BOARD 5 Aravena – Krush

The young artist Aravena beat Krush out of the opening last week, would history repeat itself? Surpsingly enough it did. Aravena got a winning position very quickly out of the opening and the attack was just too strong as he got the win and secured clear first U2400, good for $140. If Aravena keeps up these performances he won’t be under 2400 for long.

In other action I was held to a draw by Charles Wolrich. Blatny continued to struggle and became the second GM to play in the NY Masters and go winless. He was beaten by Alan Stein in the last round. Blatny (4 time Czech Champion and clear winner of the 1995 NY Open) is a very imaginative GM with many prestigious titles to his name and will surely avenge this result very soon. Standings for the race to go to Bermuda will be posted in a few weeks. Thanks to everyone for making this event as successful as it has been!

14th New York Masters Action USA (USA), 18 vi 2002
                                   1   2   3   4   Total
     1. Schmaltz, Roland  g  2586 +21 +19 + 4 +11   4.0  ($430)
     2. Wojtkiewicz, Alex g  2663 +23 + 8 +11 = 3   3.5  ($160)
     3. Novikov, Igor     g  2692 +24 + 7 + 5 = 2   3.5  ($160)
     4. Yudasin, Leonid   g  2665 +15 +20 - 1 +14   3.0
     5. Aravena, Peter       2251 +12 + 6 - 3 +13   3.0  ($140)
     6. Lapshun, Yury     f  2459 +25 - 5 =20 +21   2.5
     7. D'Arruda, Ricardo f  2387 +17 - 3 +23 = 9   2.5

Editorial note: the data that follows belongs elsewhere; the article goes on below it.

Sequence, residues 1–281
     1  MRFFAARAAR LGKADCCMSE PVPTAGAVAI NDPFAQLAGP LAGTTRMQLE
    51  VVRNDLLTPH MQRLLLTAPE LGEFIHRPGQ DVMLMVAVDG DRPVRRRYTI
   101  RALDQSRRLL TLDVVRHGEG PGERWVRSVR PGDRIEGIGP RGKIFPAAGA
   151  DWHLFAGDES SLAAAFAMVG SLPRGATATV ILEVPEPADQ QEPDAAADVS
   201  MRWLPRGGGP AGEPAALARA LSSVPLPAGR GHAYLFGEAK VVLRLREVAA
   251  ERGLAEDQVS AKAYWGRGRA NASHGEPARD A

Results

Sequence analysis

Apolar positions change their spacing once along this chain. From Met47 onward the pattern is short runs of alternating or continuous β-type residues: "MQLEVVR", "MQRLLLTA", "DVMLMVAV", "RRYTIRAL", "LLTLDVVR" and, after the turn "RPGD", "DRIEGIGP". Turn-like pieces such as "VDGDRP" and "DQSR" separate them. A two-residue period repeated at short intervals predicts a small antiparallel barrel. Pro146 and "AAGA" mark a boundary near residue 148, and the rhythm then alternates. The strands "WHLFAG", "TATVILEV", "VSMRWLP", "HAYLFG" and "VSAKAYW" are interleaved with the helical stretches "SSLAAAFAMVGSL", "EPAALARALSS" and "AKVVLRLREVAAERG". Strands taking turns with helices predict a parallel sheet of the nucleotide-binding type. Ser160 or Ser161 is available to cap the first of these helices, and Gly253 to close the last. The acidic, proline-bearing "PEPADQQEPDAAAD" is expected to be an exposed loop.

8. Sarkar, Justin    m  2402 +18 - 2 =21 +20   2.5
     9. Eisen, Lewis      f  2288 =22 +26 =14 = 7   2.5
    10. Pader, Douglas       2200 -13 +28 =22 +19   2.5
    11. Stripunsky, Alex  g  2640 +28 +13 - 2 - 1   2.0
    12. Shahade, Greg     m  2534 - 5 =25 +26 =17   2.0
    13. Krush, Irina      m  2437 +10 -11 +15 - 5   2.0
    14. Munoz, Miguel     f  2370 =26 +22 = 9 - 4   2.0
    15. Stein, Alan       f  2389 - 4 +29 -13 +22   2.0
    16. Young, Ron        f  2280 --- --- +27 +23   2.0
    17. Wolrich, Charles     2242 - 7 +24 =19 =12   2.0
    18. Treger, Effim        2216 - 8 -23 +29 +24   2.0
    19. Braylovsky, Greg     2402 +27 - 1 =17 -10   1.5
    20. Gershov, Evgeny      2377 +29 - 4 = 6 - 8   1.5
    21. Privman, Boris    f  2253 - 1 +27 = 8 - 6   1.5
    22. Blatny, Pavel     g  2603 = 9 -14 =10 -15   1.0
    23. Pruess, David     f  2403 - 2 +18 - 7 -16   1.0
    24. Bonin, Jay        m  2383 - 3 -17 +25 -18   1.0
    25. Koenig, David     f  2250 - 6 =12 -24 =26   1.0
    26. Furdzik, Rafal       2229 =14 - 9 -12 =25   1.0
    27. Gelman, Geoff        2200 -19 -21 -16 +29   1.0
    28. Siegel, Noah         2333 -11 -10 --- ---   0.0
    29. Johnson, Ben         2179 -20 -15 -18 -27   0.0

   1ST - $430
   2ND - $220
   3RD - $100
 U2400 - $140

Thanks to our sponsors 
Mike Shahade 
National Scholastic Chess Foundation, Inc. 
Bermuda Chess Association 
Nigel Freeman 
John Fernandez 
Steven Shutt 
Alanna Kellon 
Stu Weintraub 
Bob Boritz 
David Lerner CEO - The Totius Group 
Elizabeth Vicary 
Judy Gilbert 
Carrie Gilbert 
Angus Love 
Postman Joe 
Jeff Brewton